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United States - Canada Post-Game: Mental Mistakes

Stephen Hart and the Canadian coaching staff have some work to do. (Paul Giamou/Canadian Soccer Association)
Stephen Hart and the Canadian coaching staff have some work to do. (Paul Giamou/Canadian Soccer Association)

Days like this I'm glad I don't have to write on deadline.

If I'd talked about Canada's 2-0 defeat to the United States right after the game, I'd have been spitting mad. I'd have been calling for Lars Hirschfeld's execution by roasting and suggesting that Stephen Hart should be deported for what could only be high treason: why didn't he start Ali Gerba? Why? Why? As for Nik Ledgerwood, Marcel de Jong, Simeon Jackson, and Dwayne De Rosario, I'd have been content with shooting them in the back of the head and billing their families for the ammunition, pour encourager les autres.

All this over a 2-0 loss to the United States! Canada doesn't beat the United States in soccer, and the guys actually performed reasonably well after a rough start, but that's irrelevant. Losing to the second-best team in CONCACAF in a well-fought game on their home soil in the first game of the Gold Cup and, yesterday, I was all but calling for the War of 1812 to be resumed with that game as the casus belli. Failure must be met with death, destruction, the ruin of the world.

I have since calmed down. The cold light of dawn shines on a Canadian national team that's last in their group and yet in pretty good shape. They've proven, thoroughly and comprehensively, that they aren't ready to win this tournament. They don't have the stones, at least not yet. There's no unstinting belief in themselves which characterizes the upset champion. They've proven that, tactically, this team needs to adjust against good sides or they're not going to get results. They've also proven that they have bags of skill and that the holes on this team are less deep than first feared. There's ability there, some perseverence, some strength. There's a team that can almost assuredly beat Panama and Guadeloupe (barring catastrophe) and coast into the knockout stages.

I can sit back in my office today with some satisfaction. I've seen the Canadian national team play bad games before and that wasn't one of them. It was a weak game, a game which proved how far some of these players have to go. Yet it was almost good enough to get a point off the United States and it would have been more than good enough against any other non-Mexican team in the tournament. It was a marked improvement over the Ecuador game. If we see the improvement continue, we have a very respectable Gold Cup ahead of us.

Most of this team's problems were mental. At first, the Canadians played like they were mental. The United States seemed fired up and Canada seemed content to let them be. That's the time to pull a Guatemala: start crashing passing lanes, getting physical even at the cost of fouls or cards, and trying to disrupt the American rhythm as much as possible. When you do get the ball, slow the game down rather than trying to counterpunch and try to let the American players exhaust themselves charging an impregnable bulwark. Ironically given his later performance, Lars Hirschfeld understood this better than anybody. Terry Dunfield and Will Johnson also looked relatively good at the stage, simply because they kept their heads.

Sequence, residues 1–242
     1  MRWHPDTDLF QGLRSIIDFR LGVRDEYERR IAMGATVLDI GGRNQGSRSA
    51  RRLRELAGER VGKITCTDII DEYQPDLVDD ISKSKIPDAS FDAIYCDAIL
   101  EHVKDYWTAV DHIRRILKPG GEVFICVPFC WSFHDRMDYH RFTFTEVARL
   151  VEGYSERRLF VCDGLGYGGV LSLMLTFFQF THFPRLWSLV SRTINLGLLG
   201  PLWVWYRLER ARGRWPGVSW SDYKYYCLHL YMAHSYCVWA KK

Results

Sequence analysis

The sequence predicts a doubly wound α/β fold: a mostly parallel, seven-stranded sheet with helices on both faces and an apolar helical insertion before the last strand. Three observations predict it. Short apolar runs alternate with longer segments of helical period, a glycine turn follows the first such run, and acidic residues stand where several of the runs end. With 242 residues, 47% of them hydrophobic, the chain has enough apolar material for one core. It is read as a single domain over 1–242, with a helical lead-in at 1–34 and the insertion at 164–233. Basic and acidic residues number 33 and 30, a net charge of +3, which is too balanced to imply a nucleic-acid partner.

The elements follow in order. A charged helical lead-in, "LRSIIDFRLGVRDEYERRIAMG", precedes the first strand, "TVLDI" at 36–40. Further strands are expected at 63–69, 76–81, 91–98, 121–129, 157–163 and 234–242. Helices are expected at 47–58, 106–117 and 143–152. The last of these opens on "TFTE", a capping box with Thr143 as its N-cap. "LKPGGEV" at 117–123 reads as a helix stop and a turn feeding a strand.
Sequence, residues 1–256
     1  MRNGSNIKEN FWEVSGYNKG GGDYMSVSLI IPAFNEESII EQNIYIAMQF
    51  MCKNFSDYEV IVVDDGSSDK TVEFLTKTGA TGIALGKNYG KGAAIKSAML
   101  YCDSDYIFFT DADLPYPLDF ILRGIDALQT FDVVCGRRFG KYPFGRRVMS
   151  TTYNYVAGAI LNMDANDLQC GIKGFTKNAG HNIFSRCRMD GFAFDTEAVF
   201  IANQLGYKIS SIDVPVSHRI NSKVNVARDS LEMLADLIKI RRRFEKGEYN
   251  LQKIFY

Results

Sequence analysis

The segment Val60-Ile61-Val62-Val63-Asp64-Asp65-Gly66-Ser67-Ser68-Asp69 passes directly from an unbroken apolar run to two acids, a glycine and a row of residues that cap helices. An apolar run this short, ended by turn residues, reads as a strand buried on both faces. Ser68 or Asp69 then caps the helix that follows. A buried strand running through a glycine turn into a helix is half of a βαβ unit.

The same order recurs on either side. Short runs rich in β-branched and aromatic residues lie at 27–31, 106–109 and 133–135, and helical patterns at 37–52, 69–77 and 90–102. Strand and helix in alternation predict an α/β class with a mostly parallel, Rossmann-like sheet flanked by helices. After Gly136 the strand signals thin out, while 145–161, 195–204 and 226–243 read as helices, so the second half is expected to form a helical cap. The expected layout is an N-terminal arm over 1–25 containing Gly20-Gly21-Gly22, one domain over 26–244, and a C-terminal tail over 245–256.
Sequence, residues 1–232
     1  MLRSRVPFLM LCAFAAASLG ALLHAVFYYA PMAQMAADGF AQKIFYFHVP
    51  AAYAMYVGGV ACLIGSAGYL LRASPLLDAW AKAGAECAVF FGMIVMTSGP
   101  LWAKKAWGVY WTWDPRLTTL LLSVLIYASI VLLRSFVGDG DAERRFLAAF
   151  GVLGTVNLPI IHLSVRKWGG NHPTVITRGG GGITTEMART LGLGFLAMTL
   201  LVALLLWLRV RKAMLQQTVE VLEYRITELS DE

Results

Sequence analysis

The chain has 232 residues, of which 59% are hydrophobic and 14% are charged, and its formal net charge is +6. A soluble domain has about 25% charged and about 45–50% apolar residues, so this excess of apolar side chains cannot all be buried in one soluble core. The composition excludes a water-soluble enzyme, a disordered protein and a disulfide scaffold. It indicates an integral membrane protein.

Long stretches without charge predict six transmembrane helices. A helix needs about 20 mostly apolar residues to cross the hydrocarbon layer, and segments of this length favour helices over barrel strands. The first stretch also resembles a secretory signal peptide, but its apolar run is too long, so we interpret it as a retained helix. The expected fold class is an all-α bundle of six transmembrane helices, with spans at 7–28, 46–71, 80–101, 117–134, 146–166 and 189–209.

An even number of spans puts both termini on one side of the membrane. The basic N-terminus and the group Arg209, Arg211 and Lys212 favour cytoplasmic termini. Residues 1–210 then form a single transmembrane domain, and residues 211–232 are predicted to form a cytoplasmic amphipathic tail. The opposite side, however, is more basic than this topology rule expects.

Eventually the United States did wear down but only after putting a weak goal past Hirschfeld (more on that later). Slowly, Canada started to assert itself. From about 25' on, Canada was the better team. Not long after Altidore scored, we had a Vancouver Whitecaps-esque 32% of the possession. We finished with 46%, which isn't great but will show you the improvement. Clint Dempsey's goal at 62' came during a brief American spurt in the middle of a Canadian surge, and from that point on les Rouges rammed the ball down American throats.

So why didn't we get anything? Mostly Tim Howard, who should thank the devil for the infernal powers which allowed him to stop two thundering shots from the foot of Ali Gerba. Yet also because Canada lacked killer instinct. Josh Simpson had the advantage over Steve Cherundolo all day, yet he didn't show enough audacity. Atiba Hutchinson looked like the best midfielder on either team and you could see, in spurts, just how fine a player he is, but at no point did he start challenging the American offensively or start taking chances. They respected the Americans too much. They were so petrified of getting caught by superior American skill that they failed to capitalize on their own superior position. It's a classic trick of lazy writers to bemoan a team's lack of killer instinct, but Canada lacked killer instinct.